See Centennial Quarry & Terrace’s website for more information about the City of Sylvania’s “Star Spangled Celebration” on July 3

 

Youth Conservation Corps – Week 4 Summary

The fourth and final week of the Olander Youth Conservation Corps is complete! This last week has been packed with great activities that will be sure to leave lasting memories in the minds of all involved. Here’s a peek at what we did this week:

20140708_095950

On Tuesday we learned how to sample fish in Tenmile Creek at Harroun Community Park!

20140708_102928

Dr. Todd Crail of the University of Toledo visited and told us about the great diversity of fish that can be found in our local streams and rivers.

20140709_093520

On Wednesday, Pat O’Brien, the superintendent of the Sylvania Parks, visited us and introduced us to the management that has been going on at Harroun Community Park over the past few years.

20140709_100932

Afterwards, we cleared woody species at the park! We really worked hard and made a big impact on the woody plants that have been growing more dense every year.

IMG_3190

On Thursday, our final day, we had a blast learning about beekeeping from Mr. Bill Buri, a Maumee resident.

20140710_104346

Mr. Buri showed us his three colonies of bees while teaching us about the importance of pollinators. Several of the kids got to dress in beekeeper’s protective gear!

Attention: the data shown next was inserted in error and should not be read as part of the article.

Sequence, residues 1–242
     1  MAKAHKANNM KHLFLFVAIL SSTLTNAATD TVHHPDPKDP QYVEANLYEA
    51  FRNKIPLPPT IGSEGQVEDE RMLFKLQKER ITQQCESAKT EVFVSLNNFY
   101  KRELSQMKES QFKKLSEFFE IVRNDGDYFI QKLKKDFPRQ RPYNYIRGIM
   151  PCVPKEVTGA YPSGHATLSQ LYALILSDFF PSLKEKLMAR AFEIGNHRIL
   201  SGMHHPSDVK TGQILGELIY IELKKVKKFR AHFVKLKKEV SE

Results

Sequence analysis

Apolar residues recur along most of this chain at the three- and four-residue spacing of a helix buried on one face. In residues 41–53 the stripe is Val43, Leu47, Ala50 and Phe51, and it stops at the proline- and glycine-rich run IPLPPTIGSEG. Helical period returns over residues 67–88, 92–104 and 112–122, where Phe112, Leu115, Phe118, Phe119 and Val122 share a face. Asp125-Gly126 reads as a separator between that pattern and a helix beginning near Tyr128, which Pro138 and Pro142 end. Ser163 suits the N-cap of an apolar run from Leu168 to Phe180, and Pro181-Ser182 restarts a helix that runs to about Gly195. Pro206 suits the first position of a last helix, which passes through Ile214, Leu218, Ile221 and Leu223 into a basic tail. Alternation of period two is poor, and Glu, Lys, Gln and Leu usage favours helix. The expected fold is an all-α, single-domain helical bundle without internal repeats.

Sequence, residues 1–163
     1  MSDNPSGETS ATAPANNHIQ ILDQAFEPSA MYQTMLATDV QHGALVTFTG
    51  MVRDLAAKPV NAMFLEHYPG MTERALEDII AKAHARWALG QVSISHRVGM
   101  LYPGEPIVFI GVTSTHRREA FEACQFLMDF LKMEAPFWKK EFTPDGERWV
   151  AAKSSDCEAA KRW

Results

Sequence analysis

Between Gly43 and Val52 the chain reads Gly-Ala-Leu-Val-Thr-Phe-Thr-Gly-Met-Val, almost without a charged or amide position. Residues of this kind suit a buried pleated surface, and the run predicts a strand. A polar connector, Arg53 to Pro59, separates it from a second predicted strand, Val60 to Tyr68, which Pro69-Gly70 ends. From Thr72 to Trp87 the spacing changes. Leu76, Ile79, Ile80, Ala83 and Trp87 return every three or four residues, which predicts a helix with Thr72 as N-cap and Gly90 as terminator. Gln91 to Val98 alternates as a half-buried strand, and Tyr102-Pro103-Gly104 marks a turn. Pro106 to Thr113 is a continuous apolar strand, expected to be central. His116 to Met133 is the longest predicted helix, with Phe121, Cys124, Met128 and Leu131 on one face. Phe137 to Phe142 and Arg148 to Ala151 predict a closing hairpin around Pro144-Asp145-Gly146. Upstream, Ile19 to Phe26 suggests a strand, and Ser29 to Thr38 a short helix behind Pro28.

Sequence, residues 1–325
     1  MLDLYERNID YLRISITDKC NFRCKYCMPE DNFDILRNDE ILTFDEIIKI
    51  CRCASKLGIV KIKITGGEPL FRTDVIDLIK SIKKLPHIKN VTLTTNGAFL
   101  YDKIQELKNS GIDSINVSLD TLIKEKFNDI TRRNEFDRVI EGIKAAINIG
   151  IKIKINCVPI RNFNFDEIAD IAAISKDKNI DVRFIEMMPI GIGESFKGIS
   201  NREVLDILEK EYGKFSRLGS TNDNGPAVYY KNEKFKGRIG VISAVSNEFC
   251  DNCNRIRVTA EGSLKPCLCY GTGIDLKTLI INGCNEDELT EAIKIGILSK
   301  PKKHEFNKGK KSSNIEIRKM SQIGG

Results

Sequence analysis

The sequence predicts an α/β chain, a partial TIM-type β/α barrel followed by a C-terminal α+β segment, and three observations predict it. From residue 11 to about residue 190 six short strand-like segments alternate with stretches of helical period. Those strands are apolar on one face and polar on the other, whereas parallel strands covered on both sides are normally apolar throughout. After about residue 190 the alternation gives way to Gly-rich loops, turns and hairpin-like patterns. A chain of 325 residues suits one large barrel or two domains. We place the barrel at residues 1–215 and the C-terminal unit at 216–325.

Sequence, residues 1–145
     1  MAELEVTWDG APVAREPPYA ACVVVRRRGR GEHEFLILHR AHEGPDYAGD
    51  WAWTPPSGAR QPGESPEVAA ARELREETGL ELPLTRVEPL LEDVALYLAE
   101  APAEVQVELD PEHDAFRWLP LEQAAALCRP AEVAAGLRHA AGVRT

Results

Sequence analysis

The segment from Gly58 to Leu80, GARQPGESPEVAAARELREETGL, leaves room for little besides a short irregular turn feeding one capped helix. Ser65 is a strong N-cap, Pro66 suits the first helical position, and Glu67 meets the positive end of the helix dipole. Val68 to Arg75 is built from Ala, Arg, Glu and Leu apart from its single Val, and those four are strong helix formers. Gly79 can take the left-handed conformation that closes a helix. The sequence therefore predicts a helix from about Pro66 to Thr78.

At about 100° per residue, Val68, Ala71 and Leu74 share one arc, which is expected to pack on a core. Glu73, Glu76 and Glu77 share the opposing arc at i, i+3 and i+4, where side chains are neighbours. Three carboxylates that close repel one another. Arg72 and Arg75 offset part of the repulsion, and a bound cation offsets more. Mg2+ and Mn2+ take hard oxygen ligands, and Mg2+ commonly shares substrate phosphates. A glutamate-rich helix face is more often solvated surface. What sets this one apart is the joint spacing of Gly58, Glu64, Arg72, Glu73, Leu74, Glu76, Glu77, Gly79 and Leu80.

IMG_3185

We finished our final day hunting for fossils at Olander’s Fossil Park. We found several fossils, including coral and brachiopods!

This marks the end of the first Olander Youth Conservation Corps. We have all had a great time working with these children this year, and they have been dedicated to learning about nature conservation. We hope that this program will touch more lives in the future and that those who participate have positive experiences that create conscientious and responsible individuals. On behalf of the entire Olander Youth Conservation Corps: Thank You!

20140710_131228

See you next year!

Holiday Hours

 

Olander Park will be CLOSED on Christmas Day and New Year’s Day, and will only be open 7am to noon on Christmas Eve and New Year’s Eve.

On all of those days, the Quarry Ridge Bike Trail, Sylvan Prairie Park and Fossil Park will be open from sunrise to sunset. However, the south (back) parking lot at Sylvan Prairie and the bathroom at Fossil Park will be CLOSED all of those days. Note that the fossil piles at Fossil Park are closed until spring.